Irenopolis ( Greek: Ειρηνούπολις) was an ancient and medieval city in Roman and Byzantine era Isauria.
Located in the
Calycadnus basin, it was part of the Decapolis of Isauria.
The city is mentioned by
Hierocles in the sixth century and George of Cyprus in the seventh. It figures in the of Notitia Episcopatuum Anastasius, Patriarch of Antioch in the sixth century, and in the Descriptio Orbis Romani by George of Cyprus (7th century). and in the Nova Tactica of the 10th century, as attached to the Patriarchate of Constantinople.
At this period, the
Byzantine emperors had taken the province of Isauria from the Patriarchate of Antioch.
Location W. M. Ramsay, following  John Sterrett, identifies Irenopolis with Irnebol, of which he does not indicate the exact situation.
It actually corresponds to the existing villages of Çatalbadem
(formerly Yukarı İrnebol meaning "Irenopolis from above") and  İkizçınar (formerly Aşağı İrnebol meaning "Irenopolis from below"), in the district of Ermenek, Karaman Province .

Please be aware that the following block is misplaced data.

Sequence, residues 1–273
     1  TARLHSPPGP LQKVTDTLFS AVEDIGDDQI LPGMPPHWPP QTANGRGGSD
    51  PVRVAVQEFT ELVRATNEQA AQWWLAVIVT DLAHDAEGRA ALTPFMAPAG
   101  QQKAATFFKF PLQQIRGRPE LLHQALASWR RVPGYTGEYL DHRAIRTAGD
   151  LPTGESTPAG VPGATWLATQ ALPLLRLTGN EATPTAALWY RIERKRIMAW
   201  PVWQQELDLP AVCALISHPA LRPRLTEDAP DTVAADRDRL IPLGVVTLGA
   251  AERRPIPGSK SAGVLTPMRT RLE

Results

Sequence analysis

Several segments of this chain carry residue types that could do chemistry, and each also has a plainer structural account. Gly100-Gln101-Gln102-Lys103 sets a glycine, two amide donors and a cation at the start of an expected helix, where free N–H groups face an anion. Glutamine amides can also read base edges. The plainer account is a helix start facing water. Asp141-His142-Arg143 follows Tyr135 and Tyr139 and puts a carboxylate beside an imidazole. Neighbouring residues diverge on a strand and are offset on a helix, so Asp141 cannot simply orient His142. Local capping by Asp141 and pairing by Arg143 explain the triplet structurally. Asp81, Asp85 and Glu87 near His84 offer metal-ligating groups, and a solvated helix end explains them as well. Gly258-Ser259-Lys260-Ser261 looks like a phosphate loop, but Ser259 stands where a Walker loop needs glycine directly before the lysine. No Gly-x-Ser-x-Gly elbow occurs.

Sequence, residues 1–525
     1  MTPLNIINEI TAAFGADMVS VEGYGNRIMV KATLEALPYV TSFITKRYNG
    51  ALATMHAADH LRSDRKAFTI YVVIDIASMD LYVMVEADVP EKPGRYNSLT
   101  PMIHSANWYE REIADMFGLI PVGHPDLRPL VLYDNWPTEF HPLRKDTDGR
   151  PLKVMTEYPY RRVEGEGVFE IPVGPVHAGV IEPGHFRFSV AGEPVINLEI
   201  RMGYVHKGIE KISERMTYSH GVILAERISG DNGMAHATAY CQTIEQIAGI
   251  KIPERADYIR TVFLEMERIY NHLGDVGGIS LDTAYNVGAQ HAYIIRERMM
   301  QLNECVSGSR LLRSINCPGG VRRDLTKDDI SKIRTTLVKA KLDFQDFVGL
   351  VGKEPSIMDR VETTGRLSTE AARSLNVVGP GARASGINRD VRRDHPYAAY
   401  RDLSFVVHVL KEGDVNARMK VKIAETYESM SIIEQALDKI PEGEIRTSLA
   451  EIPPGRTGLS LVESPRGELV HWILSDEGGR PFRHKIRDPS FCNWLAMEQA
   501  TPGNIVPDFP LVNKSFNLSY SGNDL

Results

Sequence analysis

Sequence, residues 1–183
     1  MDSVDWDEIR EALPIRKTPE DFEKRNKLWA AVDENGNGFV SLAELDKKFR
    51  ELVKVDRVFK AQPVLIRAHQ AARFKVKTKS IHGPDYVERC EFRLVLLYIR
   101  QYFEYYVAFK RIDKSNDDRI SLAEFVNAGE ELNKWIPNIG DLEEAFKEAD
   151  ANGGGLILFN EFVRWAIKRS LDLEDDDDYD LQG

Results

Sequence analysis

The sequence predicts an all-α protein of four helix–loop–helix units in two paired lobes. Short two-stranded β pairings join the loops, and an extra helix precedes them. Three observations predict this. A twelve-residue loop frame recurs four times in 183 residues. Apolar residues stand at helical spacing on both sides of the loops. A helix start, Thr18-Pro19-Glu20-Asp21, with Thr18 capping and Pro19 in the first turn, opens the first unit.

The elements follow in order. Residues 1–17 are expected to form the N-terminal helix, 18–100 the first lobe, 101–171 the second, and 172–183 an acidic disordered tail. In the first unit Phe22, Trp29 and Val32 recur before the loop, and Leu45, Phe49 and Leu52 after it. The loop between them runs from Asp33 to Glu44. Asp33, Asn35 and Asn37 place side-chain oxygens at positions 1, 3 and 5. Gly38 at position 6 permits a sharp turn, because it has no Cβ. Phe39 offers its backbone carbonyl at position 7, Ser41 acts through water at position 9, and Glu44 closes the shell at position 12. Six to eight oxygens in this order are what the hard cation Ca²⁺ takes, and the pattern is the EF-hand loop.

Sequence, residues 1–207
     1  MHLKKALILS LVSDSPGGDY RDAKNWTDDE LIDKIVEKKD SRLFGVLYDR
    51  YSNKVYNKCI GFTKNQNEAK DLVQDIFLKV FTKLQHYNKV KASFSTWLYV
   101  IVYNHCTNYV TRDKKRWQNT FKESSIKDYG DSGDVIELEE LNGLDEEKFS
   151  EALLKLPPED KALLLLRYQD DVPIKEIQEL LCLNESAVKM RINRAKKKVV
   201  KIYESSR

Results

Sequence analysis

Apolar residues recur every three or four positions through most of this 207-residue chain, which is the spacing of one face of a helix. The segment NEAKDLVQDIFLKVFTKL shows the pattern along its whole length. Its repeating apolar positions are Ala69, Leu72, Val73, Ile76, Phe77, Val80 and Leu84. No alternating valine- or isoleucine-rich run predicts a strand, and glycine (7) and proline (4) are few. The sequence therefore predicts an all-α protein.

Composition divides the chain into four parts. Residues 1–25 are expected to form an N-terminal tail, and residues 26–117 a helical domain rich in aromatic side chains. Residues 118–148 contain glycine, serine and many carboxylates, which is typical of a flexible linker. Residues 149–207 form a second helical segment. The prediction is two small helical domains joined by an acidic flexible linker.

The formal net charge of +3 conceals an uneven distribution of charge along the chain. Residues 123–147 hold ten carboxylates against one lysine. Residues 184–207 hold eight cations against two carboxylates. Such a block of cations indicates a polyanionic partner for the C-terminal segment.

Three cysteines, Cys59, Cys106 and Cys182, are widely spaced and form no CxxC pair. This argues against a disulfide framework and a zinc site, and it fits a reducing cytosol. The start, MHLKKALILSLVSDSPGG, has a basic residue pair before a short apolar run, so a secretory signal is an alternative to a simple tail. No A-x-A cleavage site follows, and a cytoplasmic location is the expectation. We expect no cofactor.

The city was the seat of an ancient
bishopric. Five of its bishops are known:
In 1915 the
diocese was in name re-established as a titular see.  there have been six titular bishops:
Jožef Pogačnik 1920s
Coins found bearing the name Irenopolis belong rather to a city of the same name located in
Cilicia, the ancient Neronias, some of whose bishops are also known.
The 9th century
monk and saint Gregory of Decapolis was born in the city.
Le Quien, Oriens Christianus, II, 897-900, 1029 sq.
Asia Minor, London, 1890, p. 365.
Irenopolis at newadvent.org.
Lund University. . Digital Atlas of the Roman Empire
Titular Episcopal See of Irenopolitan(us) in Isauria.
Irenopolis in Isauria. at catholic-hierarchy.org.
Hierarchia Catholica, Volume 8, Page 571.
^ Hierarchia Catholica, Volume 9, Page 60.
Cardinal Mooney at Archdiocese of Detroit webpage.
External links This article incorporates text from a publication now in the public domain: Herbermann, Charles, ed. (1913). " ". article name needed . New York: Robert Appleton. Catholic Encyclopedia